I prefer the concept of rights because their origin is in the free will of the individual persons. The persons decide themselves what to do, and the rights regulate this will, allowing some acts and restricting others. Individual freedom is the default, and the freedom of other people is the only useful limit.
I think that individual freedom, rights, and the Golden Rule are sufficient for an optimal humanism, and that the concept of dignity does not add any value. On the contrary, it may even be double-edged and subject of misuse. And the plant dignity example shows that it may even be pushed to a state of nonsense.
Photo credit: flickr.com/photos/ninaeveemrys/745927803/
Saturday, 3 May 2008
I do not know why this idea jumped to my mind today, but it gives me the feeling of an unexpected gift. Hey, I get it for free, and others have to pay for it. Buddhists, for example, try hard to reach a state that stops the endless cycle of life, death, re-birth, again death, and so on and on and on. They try hard, using meditation techniques, to reach the state that ends this all, forever. And here is it, the gift: You will reach it, I will reach it, all human beings will reach it when they die.There will be no return to an endless circle of life. It will be over, forever. Quite a lot of the most important Buddhist goals will be reached, without further ado. Just for free.
When looking at all the labour that Buddhists are ready to invest, it must be a very rewarding goal. And yes, I agree, the idea of a never-ending afterlife sounds like horror.
What is nirvana?
The declared highest goal of Buddhists has been described in many ways. This definition is one that comes very close to my own way of thinking:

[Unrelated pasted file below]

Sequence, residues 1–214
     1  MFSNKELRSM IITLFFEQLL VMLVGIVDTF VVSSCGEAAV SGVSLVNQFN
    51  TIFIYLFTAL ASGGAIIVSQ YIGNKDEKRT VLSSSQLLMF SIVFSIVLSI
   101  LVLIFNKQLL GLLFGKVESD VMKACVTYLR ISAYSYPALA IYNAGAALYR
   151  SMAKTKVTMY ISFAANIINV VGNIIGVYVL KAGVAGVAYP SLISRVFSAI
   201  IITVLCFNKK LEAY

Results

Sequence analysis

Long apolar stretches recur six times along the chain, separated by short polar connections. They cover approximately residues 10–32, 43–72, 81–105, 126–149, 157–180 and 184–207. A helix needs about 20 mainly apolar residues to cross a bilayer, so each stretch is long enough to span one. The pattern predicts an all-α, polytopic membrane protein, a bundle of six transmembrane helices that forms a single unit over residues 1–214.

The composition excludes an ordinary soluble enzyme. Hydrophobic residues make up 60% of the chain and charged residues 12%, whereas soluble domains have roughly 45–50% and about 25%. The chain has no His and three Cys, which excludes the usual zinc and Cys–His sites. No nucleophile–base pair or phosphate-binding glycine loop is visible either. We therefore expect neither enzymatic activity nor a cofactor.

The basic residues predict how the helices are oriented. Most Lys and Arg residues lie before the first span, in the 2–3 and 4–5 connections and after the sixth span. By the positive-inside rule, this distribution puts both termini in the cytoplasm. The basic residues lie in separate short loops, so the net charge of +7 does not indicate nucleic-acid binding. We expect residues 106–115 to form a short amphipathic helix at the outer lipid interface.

"Like a flame that has been blown out by a strong wind goes to rest and cannot be defined, just so the sage who is freed from name and body goes to rest and cannot be defined."Sounds pretty much like what will happen after my death, and if this is the highest goal of Buddhists, I'll get it for free.
Photo credit: flickr.com/photos/davespilbrow/144670387/
Friday, 2 May 2008
Maybe you are not yet aware of it, but if you'll approach my age, that is, in the second half of your life, you inevitably will come to the impression that time hurries up faster than before.
It must be more than ten years ago when I had this feeling for the first time. Since then, I always have asked myself how come, and I have developed a theory: Our mind uses all the events in lifetime as a benchmark for measuring time. For a young child, the things that happen during one day are a considerable proportion of all the events during lifetime. For an old person, the events of one day are only a tiny fraction of all lifetime events. In other words, a day is about 1/3000 lifetime of an eight year old child but only 1/30,000 lifetime of an eighty year old senior. Assuming that our mind uses lifetime as a time benchmark, one day must appear shorter and shorter with age.